Layered Curriculum

I was recently asked to do some professional development for a school district. The assistant superintendent asked me to include some ideas for Layering Curriculum. With those teachers in mind, I am going to put some links here that I think will be useful to EdCats as well.

P8JCZaoHuBqBVY2EBDFZ4vHb7pa43YXOsxa09zCcUbW2oJ2nwukX_eEnJdsCxdwntM8kxw=s85  Kathy Nunely is a secondary teacher that coined the phrase “layered curriculum” in the context of classroom learning and has a significant amount of resources on her website.

Her out-of-the-box thinking allows students to choose assignments from a teacher-created menu they can get excited about!

You may want to check out her hot topics section to get some ideas to refresh your teaching.

Taking the menu idea to a whole ‘nother level is Rick Wormeli. When you click on that link you will go to some resources put together by the Kentucky Dept. of Ed. Lots of menu ideas there.

Do you use menus? Do you have some ideas to share? Send them to and I’ll be happy to post them here for EdCats!


Teaching until the last bell.

It’s interesting to hear some teachers complain about state testing taking up instructional time but they are willing to show movies and play games during the last two weeks of school. Don’t be that teacher!

yougotthis1Here are some ideas for keeping things going until the last bell:

  • Set some short-term academic goals and encourage students to finish strong!
  • Learn something new with your students. Modeling an interest in life-long learning can be motivating.
  • Short term project based or theme based learning can be a great way to combine two classes or grade levels for a portion of the day.
  • The busier your students are, the less time they have to misbehave. This can be a good time to put students in charge of some of the tasks they have seen you model all year: what are some of your tasks that students could take over?
  • Use Skype to cross barriers. Is there a project that you could do with a classroom across the city, across the state or across the world? Technology allows teacher-to-teacher planning to exchange ideas on teaching the same content.
  • Turn students into videographers. Short movies can be great performance-based assessments.
  • Incorporate music and art into the day if you haven’t been.
  • Writing with a purpose can be fun. Letters to the senior center, a retired teacher, or next year’s grade level (giving them tips for the next grade) can be a great new tradition!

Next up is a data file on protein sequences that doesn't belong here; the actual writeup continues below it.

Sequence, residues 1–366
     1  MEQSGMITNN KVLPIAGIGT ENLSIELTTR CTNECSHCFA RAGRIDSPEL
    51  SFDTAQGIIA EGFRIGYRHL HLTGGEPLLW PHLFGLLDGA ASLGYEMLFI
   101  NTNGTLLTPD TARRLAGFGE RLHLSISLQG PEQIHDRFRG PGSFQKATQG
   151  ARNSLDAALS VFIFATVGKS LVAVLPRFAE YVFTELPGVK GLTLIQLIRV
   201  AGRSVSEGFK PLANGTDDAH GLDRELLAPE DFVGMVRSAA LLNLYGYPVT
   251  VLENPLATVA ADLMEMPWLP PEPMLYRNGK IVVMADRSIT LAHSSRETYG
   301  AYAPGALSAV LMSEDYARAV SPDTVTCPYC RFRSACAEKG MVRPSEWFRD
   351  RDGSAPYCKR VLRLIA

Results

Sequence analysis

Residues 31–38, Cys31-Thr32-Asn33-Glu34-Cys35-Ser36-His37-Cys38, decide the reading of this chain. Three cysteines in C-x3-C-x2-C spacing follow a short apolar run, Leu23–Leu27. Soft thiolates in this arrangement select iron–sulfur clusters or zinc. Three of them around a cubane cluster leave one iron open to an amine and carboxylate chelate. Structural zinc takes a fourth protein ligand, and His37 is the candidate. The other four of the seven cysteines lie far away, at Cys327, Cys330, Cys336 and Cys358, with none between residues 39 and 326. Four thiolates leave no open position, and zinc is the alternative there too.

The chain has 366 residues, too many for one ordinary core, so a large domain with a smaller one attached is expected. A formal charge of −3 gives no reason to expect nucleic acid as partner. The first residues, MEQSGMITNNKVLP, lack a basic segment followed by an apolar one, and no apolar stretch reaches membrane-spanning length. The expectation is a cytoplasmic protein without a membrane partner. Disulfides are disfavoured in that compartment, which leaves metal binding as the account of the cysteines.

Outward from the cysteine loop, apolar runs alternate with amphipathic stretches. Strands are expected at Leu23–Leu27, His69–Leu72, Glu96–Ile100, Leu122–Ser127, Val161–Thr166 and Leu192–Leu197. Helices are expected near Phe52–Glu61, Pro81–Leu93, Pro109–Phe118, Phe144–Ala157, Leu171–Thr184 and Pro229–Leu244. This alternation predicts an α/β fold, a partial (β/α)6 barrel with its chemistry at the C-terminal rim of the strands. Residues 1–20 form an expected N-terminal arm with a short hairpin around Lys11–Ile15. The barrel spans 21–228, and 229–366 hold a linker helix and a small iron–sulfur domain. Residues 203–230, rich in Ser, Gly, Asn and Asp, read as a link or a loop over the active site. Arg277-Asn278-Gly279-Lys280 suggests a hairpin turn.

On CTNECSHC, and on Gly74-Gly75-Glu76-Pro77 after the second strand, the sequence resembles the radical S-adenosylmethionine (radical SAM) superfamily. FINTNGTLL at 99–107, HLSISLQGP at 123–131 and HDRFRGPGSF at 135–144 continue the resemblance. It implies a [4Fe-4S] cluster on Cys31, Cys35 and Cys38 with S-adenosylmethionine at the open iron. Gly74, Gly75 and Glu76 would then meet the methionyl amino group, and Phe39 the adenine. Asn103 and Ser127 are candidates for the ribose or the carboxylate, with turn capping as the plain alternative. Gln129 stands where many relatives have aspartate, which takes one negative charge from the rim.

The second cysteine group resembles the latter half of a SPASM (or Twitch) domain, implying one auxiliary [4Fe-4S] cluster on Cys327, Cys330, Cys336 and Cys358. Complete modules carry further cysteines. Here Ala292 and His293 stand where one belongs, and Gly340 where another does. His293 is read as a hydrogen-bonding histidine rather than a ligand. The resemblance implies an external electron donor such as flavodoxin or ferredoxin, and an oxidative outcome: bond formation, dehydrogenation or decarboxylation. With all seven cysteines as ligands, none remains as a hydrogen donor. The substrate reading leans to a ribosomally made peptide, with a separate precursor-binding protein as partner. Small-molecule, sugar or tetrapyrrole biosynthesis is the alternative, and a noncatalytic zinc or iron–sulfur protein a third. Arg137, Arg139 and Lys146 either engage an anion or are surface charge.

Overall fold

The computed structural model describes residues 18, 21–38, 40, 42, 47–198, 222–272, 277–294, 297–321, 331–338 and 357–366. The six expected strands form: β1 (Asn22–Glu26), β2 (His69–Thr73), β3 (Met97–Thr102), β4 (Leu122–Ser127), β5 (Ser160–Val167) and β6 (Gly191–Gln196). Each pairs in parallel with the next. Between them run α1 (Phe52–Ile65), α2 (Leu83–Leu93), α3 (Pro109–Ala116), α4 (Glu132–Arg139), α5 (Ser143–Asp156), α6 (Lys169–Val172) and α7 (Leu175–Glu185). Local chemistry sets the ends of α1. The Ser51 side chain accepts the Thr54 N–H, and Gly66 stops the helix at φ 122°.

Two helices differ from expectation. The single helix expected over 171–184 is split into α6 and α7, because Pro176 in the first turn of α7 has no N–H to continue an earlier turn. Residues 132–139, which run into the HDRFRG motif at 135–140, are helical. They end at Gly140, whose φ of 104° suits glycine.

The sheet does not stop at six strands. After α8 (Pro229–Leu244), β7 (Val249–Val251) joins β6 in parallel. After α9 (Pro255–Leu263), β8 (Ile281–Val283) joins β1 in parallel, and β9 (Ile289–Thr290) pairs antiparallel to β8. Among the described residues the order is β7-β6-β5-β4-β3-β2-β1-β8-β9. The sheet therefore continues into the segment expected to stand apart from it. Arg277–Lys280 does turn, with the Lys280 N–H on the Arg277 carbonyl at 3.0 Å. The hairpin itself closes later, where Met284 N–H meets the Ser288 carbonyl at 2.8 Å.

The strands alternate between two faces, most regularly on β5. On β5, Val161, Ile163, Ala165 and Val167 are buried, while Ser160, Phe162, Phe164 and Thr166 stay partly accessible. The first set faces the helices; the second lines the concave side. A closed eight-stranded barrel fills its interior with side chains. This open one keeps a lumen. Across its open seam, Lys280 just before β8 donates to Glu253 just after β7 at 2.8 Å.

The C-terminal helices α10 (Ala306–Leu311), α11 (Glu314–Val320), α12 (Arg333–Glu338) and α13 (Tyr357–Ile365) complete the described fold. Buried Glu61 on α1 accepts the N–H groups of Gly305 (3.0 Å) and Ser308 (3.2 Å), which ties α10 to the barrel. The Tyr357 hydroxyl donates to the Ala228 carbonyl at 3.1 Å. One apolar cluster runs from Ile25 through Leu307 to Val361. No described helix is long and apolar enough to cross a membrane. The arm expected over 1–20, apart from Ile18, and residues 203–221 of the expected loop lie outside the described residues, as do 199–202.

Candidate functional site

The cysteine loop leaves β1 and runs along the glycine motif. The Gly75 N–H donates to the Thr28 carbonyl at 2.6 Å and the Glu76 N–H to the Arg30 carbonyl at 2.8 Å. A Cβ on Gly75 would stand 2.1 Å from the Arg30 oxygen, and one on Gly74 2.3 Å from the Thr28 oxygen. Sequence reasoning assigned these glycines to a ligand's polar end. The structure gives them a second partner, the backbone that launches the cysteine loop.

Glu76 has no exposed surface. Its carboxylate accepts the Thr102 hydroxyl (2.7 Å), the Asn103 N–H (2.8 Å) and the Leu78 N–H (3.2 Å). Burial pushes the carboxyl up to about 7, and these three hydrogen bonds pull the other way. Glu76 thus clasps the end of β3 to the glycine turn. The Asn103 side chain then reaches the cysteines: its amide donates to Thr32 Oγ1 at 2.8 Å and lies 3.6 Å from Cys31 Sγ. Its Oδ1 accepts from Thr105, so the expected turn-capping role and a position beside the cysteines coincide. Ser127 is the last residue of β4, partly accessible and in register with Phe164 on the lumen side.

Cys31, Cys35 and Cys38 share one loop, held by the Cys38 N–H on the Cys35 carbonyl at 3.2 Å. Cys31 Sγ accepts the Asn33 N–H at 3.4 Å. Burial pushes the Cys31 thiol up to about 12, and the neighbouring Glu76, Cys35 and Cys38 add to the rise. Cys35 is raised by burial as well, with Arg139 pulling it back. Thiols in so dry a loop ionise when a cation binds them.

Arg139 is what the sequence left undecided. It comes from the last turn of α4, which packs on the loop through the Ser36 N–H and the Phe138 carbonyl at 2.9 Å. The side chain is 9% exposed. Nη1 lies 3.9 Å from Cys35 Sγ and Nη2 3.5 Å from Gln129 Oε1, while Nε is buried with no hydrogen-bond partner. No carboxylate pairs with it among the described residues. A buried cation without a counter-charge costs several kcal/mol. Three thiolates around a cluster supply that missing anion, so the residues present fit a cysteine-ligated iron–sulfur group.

• Keep a daily joy journal on a poster, on a bulletin board, in dry erase marker on the desk or on the door!
  • Hold focus groups for feedback on how to do things with your students next year. You won’t believe the great ideas that students have.
  • ENJOY. There are still so many memories to make! Your students will take your cue and learn to find joy in each of the “lasts” for this year.

Solvitur ambulando. We can do this.

Just say NO to Summer countdowns.

I was a visitor in a building yesterday and on a huge screen in the cafeteria there was a countdown to summer. I’m not a fan.

The students were chatting and I decided to ask them about it.

“So you guys, I see there’s a countdown to summer break up there. How do you feel about the countdown to summer?”

The first student confirmed my assumption.

It gives me anxiety. I have so much to get done before the break.


A second student chimed in as she looked back and forth to the students next to her,

“I’m dreading summer. I’m going to miss you guys so much!”

So why the countdowns? I suppose it encourages students that freedom is coming, as if school is a sentence to be endured. It might be that a teacher wants a visual reminder that his/her freedom from the students is coming; however, neither message seems very positive. Here’s why I wish countdowns would go away for the sake of students:

  • For some students, breaks from school mean physically moving to another house. Students may have challenging summer scenarios such as moving to another parent/guardian’s home for summer custody arrangements.
  • For some students, summer means food insecurity.  We may joke about cafeteria food but it’s available and nutritious.  Summer breakfast or lunch programs can fill a gap but they may not be close to students’ homes or convenient for consistent attendance.
  • For some students, summer means lack of supervision. Students may not be supervised while parents work and they may even find themselves in charge of younger siblings.

Although teachers may find countdowns motivating, the countdown mentality may actually do more harm than good:

  • Teachers may be giving the signal that they can’t wait to be away from their students. Instead of beginning the day with enthusiasm, teachers may be sending the message that school is a “sentence” in which to be endured.
  • Teachers may be reinforcing a message that the time left is insignificant and that there isn’t much time for more learning to take place.
  • Teachers might be sending the message that the time to come is more important than what is happening today.

No matter how educators feel about countdowns, summer break is coming. Perhaps being mindful of how our students perceive the impending break from school can help us help them to navigate what awaits them. We owe it to ourselves and our students to take advantage of every opportunity to build skills for all aspects of their lives, including the summer months ahead.